• Before the IUD is fitted, you will need to have a vaginal examination. The doctor, midwife or nurse will pass a small instrument into your womb (uterus) to check its size and position.
  • They will also check for any signs of infection, sometimes you may also be given antibiotics.
  • Some services may be able to fit it at the same appointment, or you may need a second appointment.


Fitting the IUD (shouldn’t take longer than 5 minutes):

  • You’ll be asked to lay on the bed.
  • Remove the lower half of your clothing (e.g. trousers/skirt and underwear).
  • Open your legs and bend your knees so the nurse, midwife or doctor can use a speculum to slightly widen your vagina to help insert the IUD into your uterus.
  • The IUD is fitted using a small plastic insertion device. The arms on the IUD are flexible and fold inside the insertion device.
  • The nurse, midwife or doctor may discuss painkiller tablets/using local anaesthetic to make the fitting more comfortable.

You are likely to get some period-type pain and possibly some light bleeding for a few days afterwards.

The IUD has two threads which hang through the opening at the entrance of your uterus (cervix). You could check the threads a few times during the first month and then at least once a month.

Once the IUD is fitted, you may need to go back to the doctor, midwife or nurse after three to six weeks for a check up.

It is very unlikely that the IUD will come out but if you are worried and can feel the IUD itself, or cannot feel the threads you should see a nurse or doctor straight away.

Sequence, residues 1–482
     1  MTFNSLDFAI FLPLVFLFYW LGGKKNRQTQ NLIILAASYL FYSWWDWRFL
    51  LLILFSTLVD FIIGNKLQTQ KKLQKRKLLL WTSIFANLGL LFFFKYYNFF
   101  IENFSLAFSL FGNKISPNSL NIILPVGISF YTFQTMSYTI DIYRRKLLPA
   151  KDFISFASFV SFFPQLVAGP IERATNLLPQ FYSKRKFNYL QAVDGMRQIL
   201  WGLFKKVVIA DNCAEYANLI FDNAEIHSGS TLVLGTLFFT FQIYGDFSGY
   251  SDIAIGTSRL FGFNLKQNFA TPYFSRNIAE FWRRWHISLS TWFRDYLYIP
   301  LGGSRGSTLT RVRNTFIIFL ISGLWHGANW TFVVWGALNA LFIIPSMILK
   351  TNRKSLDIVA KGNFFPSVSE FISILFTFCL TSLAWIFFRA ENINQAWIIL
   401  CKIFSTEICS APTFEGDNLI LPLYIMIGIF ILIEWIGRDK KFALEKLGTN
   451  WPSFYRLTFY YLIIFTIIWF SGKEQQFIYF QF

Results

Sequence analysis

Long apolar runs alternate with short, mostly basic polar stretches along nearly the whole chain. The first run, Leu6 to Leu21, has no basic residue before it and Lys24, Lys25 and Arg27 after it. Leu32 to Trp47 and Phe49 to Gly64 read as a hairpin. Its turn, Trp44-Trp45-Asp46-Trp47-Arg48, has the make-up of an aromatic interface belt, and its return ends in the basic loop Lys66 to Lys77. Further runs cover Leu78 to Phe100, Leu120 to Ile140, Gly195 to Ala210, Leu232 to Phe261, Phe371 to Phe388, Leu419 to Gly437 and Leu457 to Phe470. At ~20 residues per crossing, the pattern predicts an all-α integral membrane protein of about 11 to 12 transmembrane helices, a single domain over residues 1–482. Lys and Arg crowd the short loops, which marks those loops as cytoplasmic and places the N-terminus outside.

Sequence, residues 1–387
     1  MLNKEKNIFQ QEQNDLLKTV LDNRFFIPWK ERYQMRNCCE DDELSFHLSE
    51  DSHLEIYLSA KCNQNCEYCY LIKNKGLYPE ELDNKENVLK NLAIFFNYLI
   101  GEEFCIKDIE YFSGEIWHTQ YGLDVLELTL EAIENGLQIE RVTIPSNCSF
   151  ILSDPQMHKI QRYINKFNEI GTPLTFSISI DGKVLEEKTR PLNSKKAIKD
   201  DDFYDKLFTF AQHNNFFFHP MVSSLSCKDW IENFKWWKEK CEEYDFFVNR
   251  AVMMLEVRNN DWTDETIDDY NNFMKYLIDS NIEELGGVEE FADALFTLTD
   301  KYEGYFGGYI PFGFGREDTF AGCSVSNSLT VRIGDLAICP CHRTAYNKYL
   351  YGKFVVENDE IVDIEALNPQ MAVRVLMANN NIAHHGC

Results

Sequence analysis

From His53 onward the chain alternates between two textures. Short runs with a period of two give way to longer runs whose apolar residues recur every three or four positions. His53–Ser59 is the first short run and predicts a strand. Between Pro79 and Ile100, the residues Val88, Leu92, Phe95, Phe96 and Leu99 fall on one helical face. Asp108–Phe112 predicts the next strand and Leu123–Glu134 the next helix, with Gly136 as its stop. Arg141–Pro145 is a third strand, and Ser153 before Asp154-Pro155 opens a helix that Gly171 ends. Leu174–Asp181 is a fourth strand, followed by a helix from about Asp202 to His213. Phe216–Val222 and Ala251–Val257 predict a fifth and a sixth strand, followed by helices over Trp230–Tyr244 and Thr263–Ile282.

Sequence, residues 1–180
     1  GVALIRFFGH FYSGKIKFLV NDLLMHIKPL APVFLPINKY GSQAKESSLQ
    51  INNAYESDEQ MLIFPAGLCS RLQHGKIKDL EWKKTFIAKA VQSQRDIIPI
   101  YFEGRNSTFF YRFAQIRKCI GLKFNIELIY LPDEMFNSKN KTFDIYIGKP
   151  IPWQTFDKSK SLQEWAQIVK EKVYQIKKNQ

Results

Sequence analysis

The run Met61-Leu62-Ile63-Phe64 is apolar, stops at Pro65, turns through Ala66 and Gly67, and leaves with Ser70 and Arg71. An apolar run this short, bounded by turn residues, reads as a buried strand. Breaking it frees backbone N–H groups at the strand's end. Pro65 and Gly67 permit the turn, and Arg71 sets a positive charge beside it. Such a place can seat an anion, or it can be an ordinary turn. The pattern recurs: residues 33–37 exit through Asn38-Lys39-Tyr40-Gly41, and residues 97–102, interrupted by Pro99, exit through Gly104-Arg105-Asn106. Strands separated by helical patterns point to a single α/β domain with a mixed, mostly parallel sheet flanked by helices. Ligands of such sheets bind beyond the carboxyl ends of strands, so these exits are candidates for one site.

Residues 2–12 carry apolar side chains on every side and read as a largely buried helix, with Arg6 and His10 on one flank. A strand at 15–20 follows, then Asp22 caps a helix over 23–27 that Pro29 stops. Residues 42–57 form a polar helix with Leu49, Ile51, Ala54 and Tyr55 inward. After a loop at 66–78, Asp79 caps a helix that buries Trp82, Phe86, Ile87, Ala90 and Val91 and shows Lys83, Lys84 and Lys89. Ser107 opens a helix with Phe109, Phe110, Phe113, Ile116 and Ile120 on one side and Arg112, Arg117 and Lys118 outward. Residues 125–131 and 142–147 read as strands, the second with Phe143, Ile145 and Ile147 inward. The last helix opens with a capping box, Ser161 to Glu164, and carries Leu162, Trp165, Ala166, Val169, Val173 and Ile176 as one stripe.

You will then only need to go back when the IUD needs to be replaced (3 to 5 years depending on the type).

You should go back to the nurse, midwife or doctor if you notice any of the below symptoms:

  • Severe or prolonged stomach pains, especially if you feel unwell, hot and clammy
  • Heavy vaginal bleeding with or without clots.

The hormonal IUD can be fitted at any time in your cycle if it is certain that you are not pregnant.

As soon as the hormonal IUD is fitted then you will be protected immediately. You will be asked to take a pregnancy test before the IUD is fitted and another three weeks later if there is a pregnancy risk.

The hormonal IUD must be removed by a trained nurse, midwife or doctor, the procedure
should be less painful and quicker than having the IUD fitted. Your nurse or doctor can take out
your IUD by putting a speculum into your vagina and gently pulling on the IUD strings.

If you are not going to have another IUD you will need to use additional contraception, such as
condoms, for the seven days before the IUD is taken out if you do not want to become

Your fertility should return to normal as soon as the hormonal IUD is removed.

While using the IUD you can use tampons and/or sanitary pads.

No neither you or your partner should feel your IUD. An IUD is positioned in the uterus. You may be able to feel the strings in your vagina and your partner may notice the strings during sex. The strings of the IUD usually get softer over time, but if they’re really a problem, talk to your doctor, midwife or nurse about adjusting them or cutting them shorter.

Non-Hormonal IUD – Copper

A non-hormonal (Copper) IUD is a small, T-shaped plastic device which contains copper. It is put into the uterus (womb). A Copper IUD does not contain hormones. The copper IUD can also be used as an Emergency Contraception.


Hormonal IUD - Mirena | Jaydess

A Hormonal IUD is a small, T-shaped plastic device, which contains the hormone progestogen to control your fertility. The device is put into the uterus (womb).


Implant – Jadelle

Two small, flexible plastic rods that are placed just under the skin in the upper arm. The implant releases the hormone progestogen to control fertility.